John Glenn, my mother and me
No, this is not about some “surprise” in my family tree. This relates instead, to the early days of NASA’s Project Mercury Space Program and its influence on me back then.
One day, not long ago, a fellow employee of the science museum where I work brought in a special, encased commemorative coin which her grandparents had purchased for her mother back in the early 1960s. It commemorated Major John Glenn’s Friendship 7 orbital spaceflight. Not long afterward, in the mid-60s, I carried both a “Project Mercury” and a “President John F. Kennedy” stamp in the clear, plastic picture section of my wallet. The Mercury stamp was carried celebratorily and commemoratively, and the latter stamp carried in memoriam.
The time of this recollection is Feb. 20, 1962. I was in my home in my bed on the Old Concord Road, and Major John Glenn was in a space capsule many miles above, there actually being more room to move around in my bed than there was in his space capsule. (He was truly “encapsulated.”)
In the 1960s, TV game shows and soap operas were pre-empted for almost the whole day of a manned space shot (with nary a gripe from either of these genre’s devotees). Nowadays, the television networks seem to ignore space launches, even those involving astronauts, only cutting away, if at all, to catch the last 10 seconds of the countdown, or an even briefer showing during “News at Eleven.” Unfortunately, the tragedies of the space shuttles “Challenger” and “Columbia” brought back a sad semblance of that “old style” day-long coverage.
I was at Granite Quarry School on the day of Alan Shepard’s brief, sub-orbital flight on May 5, 1961, only hearing the launch over the school intercom, via the courtesy of Principal C.L. Barnhardt. On Nov. 22, 1963, Mr. Barnhardt did likewise in the news coverage from Dallas, but that was, I’m sure, a courtesy he sadly extended.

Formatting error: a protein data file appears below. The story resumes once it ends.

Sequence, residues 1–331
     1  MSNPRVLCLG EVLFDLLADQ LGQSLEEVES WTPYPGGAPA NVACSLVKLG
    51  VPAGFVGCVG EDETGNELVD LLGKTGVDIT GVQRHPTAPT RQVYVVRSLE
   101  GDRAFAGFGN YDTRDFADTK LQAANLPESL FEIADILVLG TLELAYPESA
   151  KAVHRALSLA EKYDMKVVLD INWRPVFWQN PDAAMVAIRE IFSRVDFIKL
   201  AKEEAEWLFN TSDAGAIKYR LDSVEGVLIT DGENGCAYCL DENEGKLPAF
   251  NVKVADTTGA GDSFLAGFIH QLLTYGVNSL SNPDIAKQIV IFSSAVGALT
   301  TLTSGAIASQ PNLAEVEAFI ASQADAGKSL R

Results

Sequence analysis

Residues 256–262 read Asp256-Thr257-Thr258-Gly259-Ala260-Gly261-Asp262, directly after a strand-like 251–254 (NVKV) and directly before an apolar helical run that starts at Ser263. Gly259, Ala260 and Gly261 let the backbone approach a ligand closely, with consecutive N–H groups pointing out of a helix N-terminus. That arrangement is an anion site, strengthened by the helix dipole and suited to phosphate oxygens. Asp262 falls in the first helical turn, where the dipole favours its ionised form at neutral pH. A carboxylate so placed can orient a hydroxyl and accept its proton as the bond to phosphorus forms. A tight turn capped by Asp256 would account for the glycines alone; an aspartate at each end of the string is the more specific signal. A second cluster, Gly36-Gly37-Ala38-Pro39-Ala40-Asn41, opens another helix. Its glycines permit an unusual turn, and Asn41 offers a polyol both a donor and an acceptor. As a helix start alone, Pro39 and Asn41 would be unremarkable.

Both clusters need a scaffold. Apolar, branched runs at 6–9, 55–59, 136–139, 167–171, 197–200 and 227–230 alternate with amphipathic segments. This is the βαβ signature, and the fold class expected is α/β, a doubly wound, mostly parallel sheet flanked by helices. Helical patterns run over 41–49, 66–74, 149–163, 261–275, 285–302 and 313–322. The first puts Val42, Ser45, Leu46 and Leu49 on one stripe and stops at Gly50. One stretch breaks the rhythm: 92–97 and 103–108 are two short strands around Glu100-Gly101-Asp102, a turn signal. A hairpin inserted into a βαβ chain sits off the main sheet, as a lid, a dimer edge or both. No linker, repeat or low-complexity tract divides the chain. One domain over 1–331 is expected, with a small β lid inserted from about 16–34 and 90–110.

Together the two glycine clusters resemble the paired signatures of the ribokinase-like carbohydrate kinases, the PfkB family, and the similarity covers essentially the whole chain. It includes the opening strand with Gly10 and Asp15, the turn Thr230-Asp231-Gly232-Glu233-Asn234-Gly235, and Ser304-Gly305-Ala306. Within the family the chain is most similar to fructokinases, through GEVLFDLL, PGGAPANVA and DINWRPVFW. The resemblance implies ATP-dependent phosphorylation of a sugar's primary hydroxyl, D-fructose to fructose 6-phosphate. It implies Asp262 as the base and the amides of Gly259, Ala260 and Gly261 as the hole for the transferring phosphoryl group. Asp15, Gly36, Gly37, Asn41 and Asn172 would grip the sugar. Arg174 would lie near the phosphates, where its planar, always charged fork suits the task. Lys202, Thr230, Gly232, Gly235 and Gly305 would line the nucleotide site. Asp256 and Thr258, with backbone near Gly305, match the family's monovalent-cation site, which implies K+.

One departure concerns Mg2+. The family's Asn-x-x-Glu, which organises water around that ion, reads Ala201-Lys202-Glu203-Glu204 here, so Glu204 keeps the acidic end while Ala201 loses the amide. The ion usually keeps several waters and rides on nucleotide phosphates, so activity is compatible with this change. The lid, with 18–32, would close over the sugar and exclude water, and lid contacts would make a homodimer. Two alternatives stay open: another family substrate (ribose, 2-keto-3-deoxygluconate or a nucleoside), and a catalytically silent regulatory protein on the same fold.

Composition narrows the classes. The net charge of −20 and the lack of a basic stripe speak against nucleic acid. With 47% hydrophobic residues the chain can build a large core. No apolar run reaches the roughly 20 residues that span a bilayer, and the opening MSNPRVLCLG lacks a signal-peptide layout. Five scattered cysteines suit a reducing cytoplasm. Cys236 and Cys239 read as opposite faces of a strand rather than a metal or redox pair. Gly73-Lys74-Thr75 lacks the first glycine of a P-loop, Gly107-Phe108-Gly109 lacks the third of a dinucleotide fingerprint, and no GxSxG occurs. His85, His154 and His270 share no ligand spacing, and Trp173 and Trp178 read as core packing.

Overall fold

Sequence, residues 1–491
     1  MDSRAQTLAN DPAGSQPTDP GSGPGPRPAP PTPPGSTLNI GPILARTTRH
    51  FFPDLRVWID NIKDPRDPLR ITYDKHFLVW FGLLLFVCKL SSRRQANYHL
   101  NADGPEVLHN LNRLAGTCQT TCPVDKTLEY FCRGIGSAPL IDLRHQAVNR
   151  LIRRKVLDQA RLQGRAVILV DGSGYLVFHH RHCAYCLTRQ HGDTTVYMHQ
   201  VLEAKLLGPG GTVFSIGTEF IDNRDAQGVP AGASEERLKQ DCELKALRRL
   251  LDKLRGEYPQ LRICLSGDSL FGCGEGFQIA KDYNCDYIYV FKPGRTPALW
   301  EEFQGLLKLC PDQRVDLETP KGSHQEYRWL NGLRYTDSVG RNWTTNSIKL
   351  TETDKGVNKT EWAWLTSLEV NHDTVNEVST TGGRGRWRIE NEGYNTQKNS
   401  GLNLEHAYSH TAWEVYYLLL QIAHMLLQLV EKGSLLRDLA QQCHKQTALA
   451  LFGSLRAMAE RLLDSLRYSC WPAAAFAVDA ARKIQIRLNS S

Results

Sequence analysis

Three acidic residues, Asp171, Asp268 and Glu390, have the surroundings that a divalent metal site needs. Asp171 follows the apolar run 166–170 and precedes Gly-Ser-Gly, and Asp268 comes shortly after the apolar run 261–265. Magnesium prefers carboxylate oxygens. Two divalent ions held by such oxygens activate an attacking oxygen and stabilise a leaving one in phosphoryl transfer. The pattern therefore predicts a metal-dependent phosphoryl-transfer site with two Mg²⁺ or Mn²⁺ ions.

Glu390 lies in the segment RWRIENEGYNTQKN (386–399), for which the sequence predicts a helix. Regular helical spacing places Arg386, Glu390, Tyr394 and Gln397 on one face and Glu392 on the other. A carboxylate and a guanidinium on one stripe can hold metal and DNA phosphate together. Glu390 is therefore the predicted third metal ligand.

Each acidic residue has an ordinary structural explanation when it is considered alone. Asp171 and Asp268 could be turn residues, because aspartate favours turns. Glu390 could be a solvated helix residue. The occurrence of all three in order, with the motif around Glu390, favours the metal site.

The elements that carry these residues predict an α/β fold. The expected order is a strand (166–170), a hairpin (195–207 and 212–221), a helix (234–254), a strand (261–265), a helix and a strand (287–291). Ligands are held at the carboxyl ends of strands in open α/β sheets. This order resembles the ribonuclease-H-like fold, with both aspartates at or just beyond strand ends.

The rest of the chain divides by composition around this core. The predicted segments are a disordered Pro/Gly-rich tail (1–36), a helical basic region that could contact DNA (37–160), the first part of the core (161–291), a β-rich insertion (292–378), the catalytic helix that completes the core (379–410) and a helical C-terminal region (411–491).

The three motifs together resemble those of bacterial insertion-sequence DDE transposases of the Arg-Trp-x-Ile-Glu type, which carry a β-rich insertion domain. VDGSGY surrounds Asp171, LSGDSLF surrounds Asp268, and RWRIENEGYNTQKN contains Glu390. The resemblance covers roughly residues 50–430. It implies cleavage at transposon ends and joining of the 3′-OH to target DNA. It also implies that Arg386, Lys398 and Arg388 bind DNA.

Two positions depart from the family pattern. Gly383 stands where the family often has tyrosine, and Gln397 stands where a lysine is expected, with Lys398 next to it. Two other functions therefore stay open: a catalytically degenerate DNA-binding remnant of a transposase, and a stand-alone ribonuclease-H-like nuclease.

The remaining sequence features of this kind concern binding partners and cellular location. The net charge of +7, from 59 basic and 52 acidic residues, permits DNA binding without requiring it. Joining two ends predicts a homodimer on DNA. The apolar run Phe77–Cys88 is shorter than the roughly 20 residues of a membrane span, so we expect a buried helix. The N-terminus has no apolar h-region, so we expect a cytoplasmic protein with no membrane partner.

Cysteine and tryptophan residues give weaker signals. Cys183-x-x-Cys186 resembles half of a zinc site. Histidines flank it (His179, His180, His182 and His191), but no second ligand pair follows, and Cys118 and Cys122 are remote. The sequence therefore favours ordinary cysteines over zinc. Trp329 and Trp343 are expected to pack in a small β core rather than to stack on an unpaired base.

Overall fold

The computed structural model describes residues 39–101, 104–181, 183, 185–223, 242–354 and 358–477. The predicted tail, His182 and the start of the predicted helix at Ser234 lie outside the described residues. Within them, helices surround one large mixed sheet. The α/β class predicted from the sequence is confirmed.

In the several days leading up to John Glenn’s launch, the television networks made mention of the pre-empting of their regular broadcast schedules so as to provide ample coverage of America’s first manned orbital spaceflight.
I then made up my mind that I would not miss this one, even if it would be taking place during school hours.
On the morning of Feb. 20, just a few moments before the arrival of my school bus, I immediately came down with a case of “school bus stomach,” not some singular type of motion sickness, but instead, an “affliction” occurring with the knowledge that the bus is about to come into sight, hopefully preventing my riding of it altogether (at least for that particular day).
My mother, good soul that she was, believed what I said and stayed home from work to look after me. She called in to her job at W.T. Grants and told them of my “sickness.” If there is such a thing as “work stomach,” in the same nature as that of “school bus stomach,” I don’t think my mother was ever afflicted with it, since “dependability” for her was not just a work trait, but one of life itself. Actually, her excuse for her absence from work was basically truthful, unlike my excuse for my absence from school, which wasn’t.
Before the launch, I enjoyed watching all of the detailed “artist’s conceptions” of the booster rocket falling away, the positioning of the capsule for orbit, the diagram of the orbit itself, the simulated firing of the retro-rockets and how the blazing-hot heat shield would look upon re-entry. (At my previous house, we had a wood stove. One winter night, I stoked it to such a degree that its sides glowed red-hot, but with an intensity much less than that of “re-entry.”)
I recently googled up the launch of Friendship 7, seeing it for the first time in color, as it was originally filmed. Although on “YouTube,” the launch is in color, back then, on “mytube,” it was in black and white.
So I stayed home on Feb. 20, 1962, and watched the flight’s pre-coverage, the coverage of the launch, complete with live film of Glenn inside his space capsule, and the after-coverage (coverage “before, during and afterwards” kind of like the coverage of the Superbowl). All the while, my mother kept me supplied with soft drink and chicken soup.
During the commentators’ speculations of how long it would be before the human race got to the moon and planets, I lay there in bed and looked through my astronomy books at pictures and paintings of those worlds in space, even the further distant galaxies.
Several dacades later, I made a confession of that day of “hooky playing” to my mother, to which she appeared genuinely, but not too disturbingly surprised. She also seemed to be just a tiny bit disappointed, but maybe that’s just me.